The war separated 9-year-old Tanya from her family

Pieni tyttö katsoo ikkunasta ulos.

Because of the war in Ukraine, children had to leave their homes as they fled to safety. Everything familiar was left behind. Cousins Tanya and Lolita, who fled Ukraine, have been separated from their family members.

A high fence surrounds the light green house. The white window frames give it a fresh look. A small kitchen and two rooms open behind a glass door. The cheerful sounds of children and adults create a comfy mood. A pot of water boils on the stove.

Both rooms have thick mattresses on the floor. There’s a big pile of mattresses next to the wall. 12 people are staying here now. There were 24 just a while ago. The blankets are arranged neatly with a few stuffed toys on the pillows. There’s a red winter coat hanging on the corner coat rack. There’s a TV on a lace tablecloth on the table and a few toys.

My brother and father stayed in Ukraine.

Cabbage rolls and pink walls

The brown-eyed cousins, Tanya and Lolita, sit with their colouring books on the floor of the emergency shelter organized by Fida’s partner organisation, the Hungarian

Roma Mission. They came from Ukraine 10 days ago. Their grandmother and Lolita’s mother are with them. The grandmother sits on a thick mattress and smiles at the girls chatting.

– In Ukraine, we lived in a small house. It was the size of this room. There was also a small house in the yard for the grandparents. The roof of the house was red, 9-year-old Tanya explains.

Lolita’s home was a little bigger. Grandma lived in a small house in their yard. The living room had pink walls and red furniture.

– Our kitchen looks like this one here, explains Lolita, who is a few years older than her cousin.

Both girls chat happily. Tanya’s favorite food is cabbage rolls. Lolita, on the other hand, loves mayonnaise. They haven’t been to school because of the pandemic, but before that, that was also part of their daily routine. Knitting is also fun! Fida employee, Kirsi Hekkala, who works with Roma communities in the Uzhorod region of Ukraine, has taught Lolita how to knit. Tanya learned how to knit from Lolita.

Away from their loved ones

Tanya and Lolita say they were forced to leave home because they were running out of food. The girls and their families crossed the border into Hungary by train. The border guards didn’t believe Lolita’s brother was only 13 years old. Lolita’s brother had his documents, although the Roma may not always have all the official papers. It wasn’t enough to convince the border guards.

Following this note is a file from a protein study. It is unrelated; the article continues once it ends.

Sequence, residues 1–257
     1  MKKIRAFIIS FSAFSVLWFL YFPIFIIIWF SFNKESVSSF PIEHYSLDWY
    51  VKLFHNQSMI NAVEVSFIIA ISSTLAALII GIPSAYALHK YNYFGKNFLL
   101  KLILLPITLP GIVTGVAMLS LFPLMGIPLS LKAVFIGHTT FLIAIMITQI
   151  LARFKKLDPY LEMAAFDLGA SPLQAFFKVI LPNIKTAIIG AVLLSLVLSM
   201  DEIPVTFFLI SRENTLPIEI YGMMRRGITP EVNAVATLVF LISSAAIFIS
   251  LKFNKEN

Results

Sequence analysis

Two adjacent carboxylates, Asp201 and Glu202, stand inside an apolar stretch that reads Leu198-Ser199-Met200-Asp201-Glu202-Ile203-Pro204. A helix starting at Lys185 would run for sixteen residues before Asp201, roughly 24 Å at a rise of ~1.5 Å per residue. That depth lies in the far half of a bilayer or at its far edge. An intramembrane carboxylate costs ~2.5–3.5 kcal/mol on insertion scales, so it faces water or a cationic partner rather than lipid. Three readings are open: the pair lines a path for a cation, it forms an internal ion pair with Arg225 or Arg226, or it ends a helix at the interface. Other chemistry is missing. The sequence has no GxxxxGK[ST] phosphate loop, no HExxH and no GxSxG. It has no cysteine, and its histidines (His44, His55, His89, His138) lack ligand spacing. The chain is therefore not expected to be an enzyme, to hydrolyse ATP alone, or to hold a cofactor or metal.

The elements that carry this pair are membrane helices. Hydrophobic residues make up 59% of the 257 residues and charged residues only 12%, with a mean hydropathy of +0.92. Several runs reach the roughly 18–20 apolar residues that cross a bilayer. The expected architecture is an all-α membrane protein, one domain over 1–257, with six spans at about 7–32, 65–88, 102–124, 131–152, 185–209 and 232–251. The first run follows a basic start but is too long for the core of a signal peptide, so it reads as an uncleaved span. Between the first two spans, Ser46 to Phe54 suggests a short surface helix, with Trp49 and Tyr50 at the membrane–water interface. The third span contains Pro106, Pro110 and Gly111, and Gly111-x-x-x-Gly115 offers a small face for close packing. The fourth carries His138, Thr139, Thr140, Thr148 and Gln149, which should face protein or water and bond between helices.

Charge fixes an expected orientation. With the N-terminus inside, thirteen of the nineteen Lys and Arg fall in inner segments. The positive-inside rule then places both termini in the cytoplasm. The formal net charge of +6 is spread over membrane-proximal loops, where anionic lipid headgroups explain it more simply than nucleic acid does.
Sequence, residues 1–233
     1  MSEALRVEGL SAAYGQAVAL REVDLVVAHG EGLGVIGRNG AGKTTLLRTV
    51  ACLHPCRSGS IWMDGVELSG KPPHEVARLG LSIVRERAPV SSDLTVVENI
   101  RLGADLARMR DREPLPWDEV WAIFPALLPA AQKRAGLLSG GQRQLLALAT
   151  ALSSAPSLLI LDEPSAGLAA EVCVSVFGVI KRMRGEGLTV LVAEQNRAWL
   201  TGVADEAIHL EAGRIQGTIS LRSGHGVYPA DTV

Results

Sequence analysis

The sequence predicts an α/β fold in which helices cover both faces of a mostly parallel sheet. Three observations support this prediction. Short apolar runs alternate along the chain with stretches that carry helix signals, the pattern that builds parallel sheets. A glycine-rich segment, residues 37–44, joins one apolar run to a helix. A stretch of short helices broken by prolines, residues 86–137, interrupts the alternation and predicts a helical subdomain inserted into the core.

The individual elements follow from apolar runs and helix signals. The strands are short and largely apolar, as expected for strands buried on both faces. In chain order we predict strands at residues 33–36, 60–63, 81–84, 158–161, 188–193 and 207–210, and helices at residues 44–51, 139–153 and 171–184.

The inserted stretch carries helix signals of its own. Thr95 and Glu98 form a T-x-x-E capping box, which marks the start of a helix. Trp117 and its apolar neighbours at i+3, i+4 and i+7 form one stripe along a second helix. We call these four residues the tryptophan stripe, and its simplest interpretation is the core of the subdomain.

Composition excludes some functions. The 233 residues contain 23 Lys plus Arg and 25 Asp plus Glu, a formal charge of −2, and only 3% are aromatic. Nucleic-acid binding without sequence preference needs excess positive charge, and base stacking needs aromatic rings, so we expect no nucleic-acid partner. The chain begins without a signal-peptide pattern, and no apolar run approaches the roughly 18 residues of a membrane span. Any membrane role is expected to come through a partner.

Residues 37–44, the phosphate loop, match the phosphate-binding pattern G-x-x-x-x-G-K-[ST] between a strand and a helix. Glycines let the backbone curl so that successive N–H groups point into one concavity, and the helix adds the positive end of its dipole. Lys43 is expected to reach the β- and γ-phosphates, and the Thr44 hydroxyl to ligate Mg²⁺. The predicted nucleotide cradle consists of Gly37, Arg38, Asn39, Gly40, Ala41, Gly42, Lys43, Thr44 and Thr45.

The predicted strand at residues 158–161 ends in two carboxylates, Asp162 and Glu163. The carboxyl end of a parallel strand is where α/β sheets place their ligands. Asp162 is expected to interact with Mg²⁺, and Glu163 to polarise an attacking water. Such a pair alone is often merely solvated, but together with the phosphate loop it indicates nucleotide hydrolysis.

– My brother had to stay in Ukraine with my father, Lolita says.

Lolita misses her brother because it’s the first time they’ve been apart from each other. Tanya misses her family, too. Tanya’s mother couldn’t bear the fact that her husband would be alone without food in Ukraine and returned there with Tanya’s little brothers. Tanya stayed with her grandmother in Hungary.

– Yesterday, Tanya just cried, sighs grandma.

Tanya now sits on the mattress and yawns widely.

He told them not to return home, where they would only die of hunger.

The girls live in a Roma neighbourhood in Ukraine that is isolated from the rest of society. It’s difficult to get food. That’s why mom moved Tanya and her grandmother to safety in Hungary. The girls’ uncle told them not to return to Ukraine.

– He told them they would only die of hunger if they stayed, says Lolita’s mother.

Hope for the future

But this morning, there’s been good news. It looks like Lolita’s brother will get across the border. A cheerful and hopeful smile emerges on Lolita’s face. When asked about the future, the girls become even more talkative than before.

– I want to be a hairdresser, says Lolita.

– I want to make beautiful nails, explains Tanya, and gets excited talking about constructing nails.

Neither of the girls likes long nails. They’re not convenient. But colorful nails with glitter are just fine.

Leaving your home and moving to a foreign country are big things for a child. In this case, it’s important to create the safest possible environment for a child. Ordinary everyday things, such as dreaming of glittery nails and eating favorite foods, help children during sudden changes in daily life.

As the war drags on, so does the humanitarian crisis. Children are particularly affected by this. Children should be allowed to play, laugh, and live safely. It’s their right. By donating, you are helping Ukrainians, in the midst of a humanitarian crises, to get food, drink and shelter, as well as the opportunity to deal with traumatic experiences.